Friday 17 November 2017

Review: Thriller: The Bourne Dominion by Eric Van Lustbader

Orion, €14.99

Remember me? Matt Damon
as Jason Bourne, created by
Robert Ludlum
Remember me? Matt Damon as Jason Bourne, created by Robert Ludlum

It's the battle of summer 2011. Two Americans are vying for the top spot on the spy thriller lists with books featuring action heroes whose original creators are long since dead.

Jeffrey Deaver has published Carte Blanche, the 25th Bond adventure since 007 creator Ian Fleming died in 1964. And Eric Van Lustbader has delivered The Bourne Dominion, his sixth addition to Robert Ludlum's thrillers about amnesiac CIA assassin Jason Bourne. Ludlum died in 2001.

It's hard to believe, but it's been 31 years since CIA super assassin Jason Bourne made his first appearance in the famous Ludlum thriller, The Bourne Identity. That story started when the crew of an Italian fishing trawler pulled Bourne unconscious from the Mediterranean near Marseille, with serious head injuries and bullet wounds.

When he wakes up, he has total amnesia. Something tells him he might find a clue to his identity in Paris, but when he gets there unknown assailants try to kill him.

He discovers he has extraordinary fighting skills, is an expert at spy craft and that those seeking to kill him will never give up.

Bit by bit, flashes of his past illuminate the violent path he must take to find out who he is.

Before The Bourne Identity Ludlum already had a string of thrillers to his name. But The Bourne Identity hit a massive chord with the 1980s reading public and went on to be a global bestseller.

Ludlum returned to his brain-washed action man again in 1986 with The Bourne Supremacy, and, finally, in 1990 with The Bourne Ultimatum.

Ludlum was a native New Yorker, and over a 30-year career as a thriller writer he sold almost 500 million books. He died of a stroke in 2001 at his home in Florida.

That might well have been the end for Jason Bourne and his desperate efforts to discover who was trying to assassinate him. But then in 2000, Matt Damon signed up to make three big-budget Jason Bourne action thrillers loosely based on Ludlum's original books.

The first film in the franchise was The Bourne Identity. It cost $60m to make and became one of the most popular movies of 2002.

Two years later, Damon reprised Jason Bourne in The Bourne Supremacy. English documentary director Paul Greengrass was the surprise choice as director, but he spent the $75m budget he was given extremely well, delivering a stunning, action-filled movie.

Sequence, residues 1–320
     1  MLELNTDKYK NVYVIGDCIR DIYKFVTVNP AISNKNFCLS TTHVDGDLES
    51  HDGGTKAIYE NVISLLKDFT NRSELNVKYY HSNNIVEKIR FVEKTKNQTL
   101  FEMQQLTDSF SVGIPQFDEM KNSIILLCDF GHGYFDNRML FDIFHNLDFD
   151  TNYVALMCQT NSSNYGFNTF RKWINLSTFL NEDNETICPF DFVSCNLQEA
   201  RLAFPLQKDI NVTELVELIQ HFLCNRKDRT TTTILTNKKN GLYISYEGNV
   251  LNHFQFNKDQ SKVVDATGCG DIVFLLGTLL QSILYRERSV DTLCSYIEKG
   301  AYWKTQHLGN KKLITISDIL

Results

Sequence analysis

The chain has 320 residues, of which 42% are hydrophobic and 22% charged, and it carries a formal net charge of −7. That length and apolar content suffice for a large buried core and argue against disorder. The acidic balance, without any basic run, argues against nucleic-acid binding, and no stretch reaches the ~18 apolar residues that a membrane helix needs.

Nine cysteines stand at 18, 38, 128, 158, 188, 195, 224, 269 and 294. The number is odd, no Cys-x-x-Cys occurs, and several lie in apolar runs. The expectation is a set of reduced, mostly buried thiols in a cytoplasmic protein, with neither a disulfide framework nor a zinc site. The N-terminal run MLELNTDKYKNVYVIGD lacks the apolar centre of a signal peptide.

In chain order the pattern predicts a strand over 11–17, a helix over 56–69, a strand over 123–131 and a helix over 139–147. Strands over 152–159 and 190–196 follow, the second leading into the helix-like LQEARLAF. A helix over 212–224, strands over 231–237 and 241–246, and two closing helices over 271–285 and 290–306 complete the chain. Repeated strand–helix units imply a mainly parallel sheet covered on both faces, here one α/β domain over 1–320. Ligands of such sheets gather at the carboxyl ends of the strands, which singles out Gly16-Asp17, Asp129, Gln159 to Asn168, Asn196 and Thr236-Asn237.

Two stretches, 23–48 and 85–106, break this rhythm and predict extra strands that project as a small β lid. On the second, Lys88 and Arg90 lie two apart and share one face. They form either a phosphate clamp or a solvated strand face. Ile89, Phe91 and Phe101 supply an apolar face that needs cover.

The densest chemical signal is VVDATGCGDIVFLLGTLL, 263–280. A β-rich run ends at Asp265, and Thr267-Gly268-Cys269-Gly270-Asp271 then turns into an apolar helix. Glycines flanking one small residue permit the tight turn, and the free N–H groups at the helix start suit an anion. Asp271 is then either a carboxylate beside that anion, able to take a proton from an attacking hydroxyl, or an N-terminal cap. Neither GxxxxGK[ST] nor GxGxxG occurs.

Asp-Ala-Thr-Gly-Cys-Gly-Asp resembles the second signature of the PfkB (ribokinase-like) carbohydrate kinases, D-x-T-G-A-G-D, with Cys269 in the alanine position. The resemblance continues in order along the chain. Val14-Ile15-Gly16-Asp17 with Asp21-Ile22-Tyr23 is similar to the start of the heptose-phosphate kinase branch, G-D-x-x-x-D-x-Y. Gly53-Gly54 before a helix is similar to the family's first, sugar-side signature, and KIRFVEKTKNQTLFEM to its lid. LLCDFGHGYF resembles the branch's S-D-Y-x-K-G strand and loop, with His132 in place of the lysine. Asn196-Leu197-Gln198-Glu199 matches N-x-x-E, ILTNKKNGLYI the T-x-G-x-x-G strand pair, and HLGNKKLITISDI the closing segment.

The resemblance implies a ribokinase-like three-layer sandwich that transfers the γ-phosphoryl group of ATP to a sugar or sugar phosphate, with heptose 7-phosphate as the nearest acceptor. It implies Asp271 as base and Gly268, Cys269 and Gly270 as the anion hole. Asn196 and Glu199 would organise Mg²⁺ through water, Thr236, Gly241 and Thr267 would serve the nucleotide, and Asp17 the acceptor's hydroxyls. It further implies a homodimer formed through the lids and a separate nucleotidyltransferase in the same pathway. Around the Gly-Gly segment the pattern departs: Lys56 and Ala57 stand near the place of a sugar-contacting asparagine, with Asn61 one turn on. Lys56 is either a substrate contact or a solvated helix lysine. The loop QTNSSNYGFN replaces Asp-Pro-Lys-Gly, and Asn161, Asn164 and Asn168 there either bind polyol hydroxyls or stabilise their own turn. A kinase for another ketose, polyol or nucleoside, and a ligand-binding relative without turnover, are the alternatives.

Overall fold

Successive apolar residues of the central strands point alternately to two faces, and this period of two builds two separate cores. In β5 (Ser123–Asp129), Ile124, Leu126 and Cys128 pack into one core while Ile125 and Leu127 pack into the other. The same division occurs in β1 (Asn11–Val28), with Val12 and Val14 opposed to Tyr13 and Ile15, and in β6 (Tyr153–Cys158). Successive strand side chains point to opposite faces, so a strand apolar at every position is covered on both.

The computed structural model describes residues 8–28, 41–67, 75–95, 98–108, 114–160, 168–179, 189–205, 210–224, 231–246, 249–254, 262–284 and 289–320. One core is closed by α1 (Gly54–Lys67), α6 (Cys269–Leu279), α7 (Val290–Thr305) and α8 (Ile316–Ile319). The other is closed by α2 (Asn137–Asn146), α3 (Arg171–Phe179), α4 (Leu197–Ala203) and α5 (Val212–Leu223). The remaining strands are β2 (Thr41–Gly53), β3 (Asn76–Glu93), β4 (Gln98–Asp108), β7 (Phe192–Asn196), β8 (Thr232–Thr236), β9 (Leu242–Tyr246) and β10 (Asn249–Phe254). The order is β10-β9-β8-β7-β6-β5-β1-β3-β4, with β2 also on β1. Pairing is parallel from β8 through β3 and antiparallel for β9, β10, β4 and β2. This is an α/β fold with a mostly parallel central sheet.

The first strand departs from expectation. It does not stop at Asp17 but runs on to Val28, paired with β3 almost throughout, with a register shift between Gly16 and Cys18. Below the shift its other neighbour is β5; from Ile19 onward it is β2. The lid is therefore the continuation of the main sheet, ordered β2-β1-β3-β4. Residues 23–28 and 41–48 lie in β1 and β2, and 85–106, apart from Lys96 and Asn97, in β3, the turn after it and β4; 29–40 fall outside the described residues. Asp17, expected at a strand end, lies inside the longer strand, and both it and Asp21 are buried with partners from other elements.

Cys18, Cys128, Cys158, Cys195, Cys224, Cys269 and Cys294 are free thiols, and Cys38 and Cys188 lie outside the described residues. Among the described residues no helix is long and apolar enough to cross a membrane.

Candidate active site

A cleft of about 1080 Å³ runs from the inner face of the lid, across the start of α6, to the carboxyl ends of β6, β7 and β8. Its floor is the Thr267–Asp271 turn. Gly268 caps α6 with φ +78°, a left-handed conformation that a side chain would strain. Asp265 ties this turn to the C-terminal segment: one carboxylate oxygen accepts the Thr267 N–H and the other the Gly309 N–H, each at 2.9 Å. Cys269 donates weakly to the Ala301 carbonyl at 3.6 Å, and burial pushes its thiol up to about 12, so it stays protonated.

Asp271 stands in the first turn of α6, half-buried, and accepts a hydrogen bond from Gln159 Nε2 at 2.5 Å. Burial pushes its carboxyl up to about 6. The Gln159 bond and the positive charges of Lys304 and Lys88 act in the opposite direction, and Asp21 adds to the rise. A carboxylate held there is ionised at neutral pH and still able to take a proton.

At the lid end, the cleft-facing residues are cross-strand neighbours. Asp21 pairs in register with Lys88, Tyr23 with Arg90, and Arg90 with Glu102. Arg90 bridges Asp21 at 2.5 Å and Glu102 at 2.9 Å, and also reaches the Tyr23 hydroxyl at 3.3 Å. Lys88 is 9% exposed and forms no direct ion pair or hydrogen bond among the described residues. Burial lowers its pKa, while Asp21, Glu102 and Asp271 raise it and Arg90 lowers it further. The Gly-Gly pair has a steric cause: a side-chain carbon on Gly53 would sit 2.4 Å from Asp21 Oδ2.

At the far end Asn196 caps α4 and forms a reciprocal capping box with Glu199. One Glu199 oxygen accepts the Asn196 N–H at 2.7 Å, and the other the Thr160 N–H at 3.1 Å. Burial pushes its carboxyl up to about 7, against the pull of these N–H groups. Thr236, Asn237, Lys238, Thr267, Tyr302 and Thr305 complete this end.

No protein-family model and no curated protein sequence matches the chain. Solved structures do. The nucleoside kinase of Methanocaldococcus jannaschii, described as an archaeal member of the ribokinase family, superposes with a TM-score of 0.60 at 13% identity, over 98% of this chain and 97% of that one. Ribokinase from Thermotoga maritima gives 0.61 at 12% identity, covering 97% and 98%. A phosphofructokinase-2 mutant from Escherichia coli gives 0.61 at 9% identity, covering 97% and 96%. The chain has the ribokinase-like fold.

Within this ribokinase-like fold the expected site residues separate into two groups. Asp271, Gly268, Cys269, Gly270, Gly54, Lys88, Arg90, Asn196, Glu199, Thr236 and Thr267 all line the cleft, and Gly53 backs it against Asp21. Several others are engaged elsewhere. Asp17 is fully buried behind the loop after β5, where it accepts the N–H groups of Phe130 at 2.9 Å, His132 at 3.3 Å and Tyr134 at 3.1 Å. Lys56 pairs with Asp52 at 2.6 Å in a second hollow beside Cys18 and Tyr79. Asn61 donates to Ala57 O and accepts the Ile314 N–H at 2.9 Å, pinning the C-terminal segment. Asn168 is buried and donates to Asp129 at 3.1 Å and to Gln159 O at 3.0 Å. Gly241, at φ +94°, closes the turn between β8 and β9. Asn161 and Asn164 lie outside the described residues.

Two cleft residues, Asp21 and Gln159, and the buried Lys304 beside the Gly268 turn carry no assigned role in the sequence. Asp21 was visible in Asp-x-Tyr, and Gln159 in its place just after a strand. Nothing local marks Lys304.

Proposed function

The third and last in the series, also directed by Greengrass, was 2007's The Bourne Ultimatum, which cost $110m and delivered more than three times that sum in profits for the studio.

While they are not among the top money-spinning movie franchises of all time -- the seven Harry Potter films made $5.5bn and the 23 James Bond films made $5bn -- the three Bourne movies have been hugely successful. They have taken almost $1bn so far world-wide -- and that does not include DVD sales in excess of $200m.

The success of the Bourne movies spurred the representatives of Robert Ludlum's literary estate to consider extending the series, despite the fact the late writer had not left any future plot outlines.

The man chosen to pen the new books was Eric Van Lustbader. Already successful thanks to an exciting series of Ninja thrillers, Van Lustbader had to exercise a delicate balancing act for Bourne. It was no easy task to keep hard-core action fans enthralled while updating the intelligence world, but he did it with aplomb.

In the new book, The Bourne Dominion, Bourne's enemies are gathering force. Severus Domna, a secret group, has called forth its members from around the globe with one objective: to kill the last person capable of destroying their bid to destabilise the world economy -- Jason Bourne.

They turn Bourne's most trusted friend into his most deadly enemy. Boris Karpov has taken over a powerful security organisation -- but at a price: he must kill his oldest friend, Jason Bourne.

Bourne finds himself in a world where friend and foe go hand-in-hand. His journey leads him down a path of brutal murder and destruction -- from which there is no escape -- in a yarn which is as explosive as anything that has gone before in the series.

Whether Matt Damon will ever get to play this one is doubtful. It seems any new Bourne films are unlikely to feature Damon in the title role. He has said he won't play Jason Bourne again unless Greengrass directs, and the director's stated attitude is 'been there, done that' as far as Bourne is concerned.

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